It Just “Feels” Right, Pastor

A young woman about to be married was counseling with her pastor. She made these statements: “He’s not a Christian yet. He refuses to go to church, but I know he will some day.”

The pastor asked her how she knew God told her to marry this guy. She answered, “Pastor, I just feel it. I know it’s right.”

A year later the same woman was in the pastor’s office and told him, “I don’t believe God wants me to stay in an unhappy marriage. I’ve been unhappy with John for a year. He doesn’t go to church with me. He’s consumed with work and sports and we’re never together sexually. I just don’t feel like I love him anymore so I’ve decided to divorce him.”¹

We used to be skeptical of feelings in the church because they could vary so widely and change so quickly. Now we praise them. Many of us depend on them when we make critical decisions. We ask ourselves, “How does it feel?” As a culture we have embraced an “if-it-feels-good-do-it” mindset that, to a considerable degree, influences our decisions, our thinking and our lives.

Feelings are important. God created them so we could be emotionally or morally sensitive. Feelings are the natural response to circumstances, people and other stimuli in our lives.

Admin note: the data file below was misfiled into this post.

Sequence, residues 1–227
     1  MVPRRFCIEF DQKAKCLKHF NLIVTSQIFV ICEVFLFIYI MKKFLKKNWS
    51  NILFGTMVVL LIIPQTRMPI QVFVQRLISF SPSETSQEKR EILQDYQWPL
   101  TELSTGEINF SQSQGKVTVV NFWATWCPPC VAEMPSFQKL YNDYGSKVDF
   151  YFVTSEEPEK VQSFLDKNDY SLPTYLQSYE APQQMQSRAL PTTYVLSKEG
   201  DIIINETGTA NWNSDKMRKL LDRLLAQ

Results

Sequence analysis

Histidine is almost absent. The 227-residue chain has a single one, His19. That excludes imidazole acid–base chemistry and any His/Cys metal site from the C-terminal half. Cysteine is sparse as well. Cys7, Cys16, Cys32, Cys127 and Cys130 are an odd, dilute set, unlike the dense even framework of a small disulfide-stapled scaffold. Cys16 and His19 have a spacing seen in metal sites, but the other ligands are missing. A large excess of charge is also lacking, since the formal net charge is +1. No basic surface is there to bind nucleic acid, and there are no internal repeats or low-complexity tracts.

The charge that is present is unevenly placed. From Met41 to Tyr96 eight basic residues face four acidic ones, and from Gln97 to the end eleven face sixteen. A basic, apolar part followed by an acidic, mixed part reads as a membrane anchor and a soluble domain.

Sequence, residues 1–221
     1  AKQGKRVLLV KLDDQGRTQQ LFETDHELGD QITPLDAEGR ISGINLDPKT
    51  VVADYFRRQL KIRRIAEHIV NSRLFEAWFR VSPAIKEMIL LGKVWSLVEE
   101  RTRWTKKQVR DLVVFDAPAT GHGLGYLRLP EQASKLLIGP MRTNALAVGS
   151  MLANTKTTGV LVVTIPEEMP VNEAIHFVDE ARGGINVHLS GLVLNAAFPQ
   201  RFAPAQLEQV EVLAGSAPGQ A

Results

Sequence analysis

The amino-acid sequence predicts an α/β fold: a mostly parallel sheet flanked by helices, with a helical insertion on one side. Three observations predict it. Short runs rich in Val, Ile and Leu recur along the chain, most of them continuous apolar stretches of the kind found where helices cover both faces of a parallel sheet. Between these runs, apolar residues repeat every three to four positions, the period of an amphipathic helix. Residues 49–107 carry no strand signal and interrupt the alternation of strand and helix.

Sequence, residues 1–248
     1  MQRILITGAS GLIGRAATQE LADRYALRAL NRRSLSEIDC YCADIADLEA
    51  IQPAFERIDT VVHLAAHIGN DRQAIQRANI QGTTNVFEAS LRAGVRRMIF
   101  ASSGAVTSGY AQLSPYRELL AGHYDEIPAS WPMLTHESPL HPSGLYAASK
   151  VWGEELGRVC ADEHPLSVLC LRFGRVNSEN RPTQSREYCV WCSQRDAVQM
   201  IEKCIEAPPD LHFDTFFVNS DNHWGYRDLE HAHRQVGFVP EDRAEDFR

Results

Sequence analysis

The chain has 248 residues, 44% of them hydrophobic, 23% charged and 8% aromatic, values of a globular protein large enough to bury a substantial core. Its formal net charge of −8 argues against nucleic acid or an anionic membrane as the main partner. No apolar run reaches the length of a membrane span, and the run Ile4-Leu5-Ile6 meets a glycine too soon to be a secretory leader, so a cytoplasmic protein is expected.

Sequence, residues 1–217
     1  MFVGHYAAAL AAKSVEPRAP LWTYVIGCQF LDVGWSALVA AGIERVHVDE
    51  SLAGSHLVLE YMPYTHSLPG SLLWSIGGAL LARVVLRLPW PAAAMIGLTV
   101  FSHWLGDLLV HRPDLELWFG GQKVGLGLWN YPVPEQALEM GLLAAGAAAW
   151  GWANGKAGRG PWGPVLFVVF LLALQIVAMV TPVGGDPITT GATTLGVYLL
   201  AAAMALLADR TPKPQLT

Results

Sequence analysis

But when feelings become more important than faith, then feelings become big and God becomes small.

In his book, “When People Are Big and God Is Small” Edward T. Welch says, “Modern spirituality has no hell, no doctrine, no substance. It is about feeling.”²

I’m reading his book for the second time. As I read, I’m asking myself, “How big a part do feelings play in my relationship with God?” and this one: “Are my feelings bigger than God?”

How about you? Here’s a suggestion. Draw a pie graph with two pieces. Make one piece indicate how important feelings are to you. Make the other piece indicate how important God is to you. Sorry. I can’t do that yet. I’d be afraid to see how big (or small) the pieces were. I’m not sure I could even be honest.

¹This is a paraphrase of an actual counseling session a pastor recorded in a book he wrote.

²When People Are Big and God Is Small;by Edward T. Welch;P&R Publishing; Phillipsburg, NJ;©1997; pg. 84.

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